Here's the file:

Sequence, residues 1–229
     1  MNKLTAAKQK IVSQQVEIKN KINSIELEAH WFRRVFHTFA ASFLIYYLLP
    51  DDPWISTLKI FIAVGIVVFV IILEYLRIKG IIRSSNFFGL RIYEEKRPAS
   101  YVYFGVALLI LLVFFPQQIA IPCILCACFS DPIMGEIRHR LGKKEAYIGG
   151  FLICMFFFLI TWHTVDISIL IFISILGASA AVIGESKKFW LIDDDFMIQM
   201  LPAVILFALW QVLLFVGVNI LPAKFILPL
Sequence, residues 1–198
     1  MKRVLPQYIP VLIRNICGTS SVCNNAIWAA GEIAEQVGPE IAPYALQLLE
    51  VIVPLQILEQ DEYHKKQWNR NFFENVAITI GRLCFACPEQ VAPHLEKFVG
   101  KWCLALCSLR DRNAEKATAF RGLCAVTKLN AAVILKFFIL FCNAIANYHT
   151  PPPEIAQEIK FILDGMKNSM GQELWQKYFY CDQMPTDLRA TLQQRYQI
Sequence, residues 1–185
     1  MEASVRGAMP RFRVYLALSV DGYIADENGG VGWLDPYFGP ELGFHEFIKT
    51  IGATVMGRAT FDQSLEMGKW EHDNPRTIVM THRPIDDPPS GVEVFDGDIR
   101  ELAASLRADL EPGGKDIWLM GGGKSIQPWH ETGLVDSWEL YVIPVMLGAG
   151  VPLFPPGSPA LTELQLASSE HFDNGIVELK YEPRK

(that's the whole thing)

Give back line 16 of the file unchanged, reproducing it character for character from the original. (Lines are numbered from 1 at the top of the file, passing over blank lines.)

   151  VPLFPPGSPA LTELQLASSE HFDNGIVELK YEPRK